Tuesday, June 30, 2015

Move Review: She's Beautiful When She's Angry

This past weekend (so like 3 months ago now) Yasi and I got the chance to attend a screening of She’s Beautiful When She’s Angry at a film festival in our area. The film, directed by Mary Dore, is a documentary that focuses on the woman’s liberation movement of the late 1960’s-early 1970s, as well as modern day movements. In case you didn’t know, Yasi and I are hardcore feminists, and before some of you freak out and decide to call us things like “feminazis,” we would like to provide the accurate definition of the word feminism:
Feminism is all about equality for all. For us, it is not man-hating, it is about respect and equal opportunity. We strongly believe that men face many inequalities as well, but that those will continue to exist until society fixes the way it looks at women.
This idea is something that came up in the documentary often. The women of the time had basically no fundamental human rights. They were expected to get married young, raise children, stay home, and take care of the home. God forbid the wife didn’t have a home-cooked meal on the table when her husband got home from work. The only jobs available were secretarial jobs, with ads looking for “sexy secretaries”. They were seen as sex objects, yet birth control was not readily available and/or had extreme side effects, there were no daycare options for children and abortion was illegal. Women were too emotional to have positions of power. etc. etc…
As we watched the film, we recognized many things have changed for the better throughout time, but that we still face many of the same problems that women have been fighting against for more than 45 years. The film was incredibly good at pointing out the problems that still exist, like inequalities in the workplace, in politics, and society in general. As we watched the old footage, we were surprised to how relevant what they were fighting for is. It’s the disrespect and expectations that Yasi and I face regularly. Whether it’s someone asking Yasi if she picked her major to get a better version of the “MRS degree” or if it’s somebody I’ve never talked to asking me out because I have “big boobs and a nice ass” and then when I kindly reject I “friend zoned” him and should “give him a chance”. Rape culture and sexual assault on college campuses are issues that are just now coming into the spotlight, even though they’ve been problems for years. As college students, we’ve seen this culture first hand and are working hard to change it, although there’s a shocking amount of resistance.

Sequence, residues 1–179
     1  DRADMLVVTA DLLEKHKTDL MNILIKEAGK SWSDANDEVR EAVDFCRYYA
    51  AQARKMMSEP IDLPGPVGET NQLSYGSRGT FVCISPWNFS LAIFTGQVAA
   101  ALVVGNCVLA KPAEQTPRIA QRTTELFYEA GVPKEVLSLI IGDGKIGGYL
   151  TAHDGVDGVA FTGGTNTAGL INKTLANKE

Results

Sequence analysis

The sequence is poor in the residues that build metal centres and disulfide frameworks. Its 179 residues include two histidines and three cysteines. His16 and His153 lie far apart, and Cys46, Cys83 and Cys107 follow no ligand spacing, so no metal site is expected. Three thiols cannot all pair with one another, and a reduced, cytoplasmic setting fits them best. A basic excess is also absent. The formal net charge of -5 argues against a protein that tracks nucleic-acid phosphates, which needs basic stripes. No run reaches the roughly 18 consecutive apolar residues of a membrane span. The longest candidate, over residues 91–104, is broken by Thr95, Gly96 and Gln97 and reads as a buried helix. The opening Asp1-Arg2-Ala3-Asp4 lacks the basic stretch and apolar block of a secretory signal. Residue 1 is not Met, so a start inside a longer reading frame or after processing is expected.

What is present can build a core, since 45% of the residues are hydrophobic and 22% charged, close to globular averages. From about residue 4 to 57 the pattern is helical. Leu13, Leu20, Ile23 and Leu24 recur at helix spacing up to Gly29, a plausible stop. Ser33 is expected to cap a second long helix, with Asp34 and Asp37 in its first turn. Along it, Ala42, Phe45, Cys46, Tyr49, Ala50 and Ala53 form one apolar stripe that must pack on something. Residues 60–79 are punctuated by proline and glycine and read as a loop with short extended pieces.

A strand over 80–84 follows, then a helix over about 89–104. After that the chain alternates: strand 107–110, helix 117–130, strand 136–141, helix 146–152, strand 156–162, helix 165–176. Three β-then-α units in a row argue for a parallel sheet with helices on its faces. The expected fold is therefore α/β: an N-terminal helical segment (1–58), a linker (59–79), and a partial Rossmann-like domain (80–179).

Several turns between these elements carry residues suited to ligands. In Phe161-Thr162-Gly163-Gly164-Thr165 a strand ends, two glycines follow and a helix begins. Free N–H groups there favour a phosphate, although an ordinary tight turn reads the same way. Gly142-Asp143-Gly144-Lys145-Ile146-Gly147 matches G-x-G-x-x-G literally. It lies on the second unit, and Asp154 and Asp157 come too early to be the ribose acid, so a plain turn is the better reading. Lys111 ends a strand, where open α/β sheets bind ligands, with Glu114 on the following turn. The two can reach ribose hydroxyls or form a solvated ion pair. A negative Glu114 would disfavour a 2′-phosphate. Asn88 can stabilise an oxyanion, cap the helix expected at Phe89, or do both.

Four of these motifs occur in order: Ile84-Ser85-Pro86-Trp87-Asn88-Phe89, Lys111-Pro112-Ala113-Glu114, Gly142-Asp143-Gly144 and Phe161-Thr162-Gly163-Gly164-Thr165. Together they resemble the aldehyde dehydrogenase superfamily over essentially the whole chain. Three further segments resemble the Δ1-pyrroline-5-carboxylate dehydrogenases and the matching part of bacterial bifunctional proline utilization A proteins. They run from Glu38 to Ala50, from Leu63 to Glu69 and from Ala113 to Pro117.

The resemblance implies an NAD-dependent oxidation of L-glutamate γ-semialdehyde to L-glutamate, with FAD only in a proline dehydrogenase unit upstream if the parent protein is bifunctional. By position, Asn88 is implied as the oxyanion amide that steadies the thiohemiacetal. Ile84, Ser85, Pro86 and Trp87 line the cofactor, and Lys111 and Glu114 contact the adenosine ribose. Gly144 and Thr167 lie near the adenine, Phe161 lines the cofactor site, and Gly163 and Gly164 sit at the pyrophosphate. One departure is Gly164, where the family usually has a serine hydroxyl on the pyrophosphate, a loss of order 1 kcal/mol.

Yasi and I want to graduate college and be able to have equal pay as a man in the same job with the same degree. Both of us do well in school, yet we’re likely to make less than our male counterparts who had C averages.
And then of course there are still political disagreements about if women should have control of their bodies or not. The list goes on and on.
The film got us thinking, as the current generation, what can we do to continue the fight that women started in the early 1900s? Until women stop being objectified and seen as overly emotional weaklings and men stop having to be macho and emotionless, the fight won’t be over. Equality makes life easier for everyone. You can freely be yourself and express yourself without being judged by the opposite sex, or your own.
If a man wants to be a teacher, a nurse, a business man, or a stay-at-home Dad, GREAT! If a woman wants to be a designer, a CEO, the president, a stay-at-home Mom, GREAT! Be who you want to be, not what society tells you to be.
I apologize for the long post, but it is something that we are both truly passionate about. PLEASE check out the movie if you have a chance, it is very informative for all! Furthermore, if you have an issue with women’s rights, gay rights, trans rights, civil rights, HUMAN rights, please kindly unfollow our blog.
Thank you all very much for your time,
Xoxo Lexi “Yasi and I could rant about feminism all day, no joke”

No comments:

Post a Comment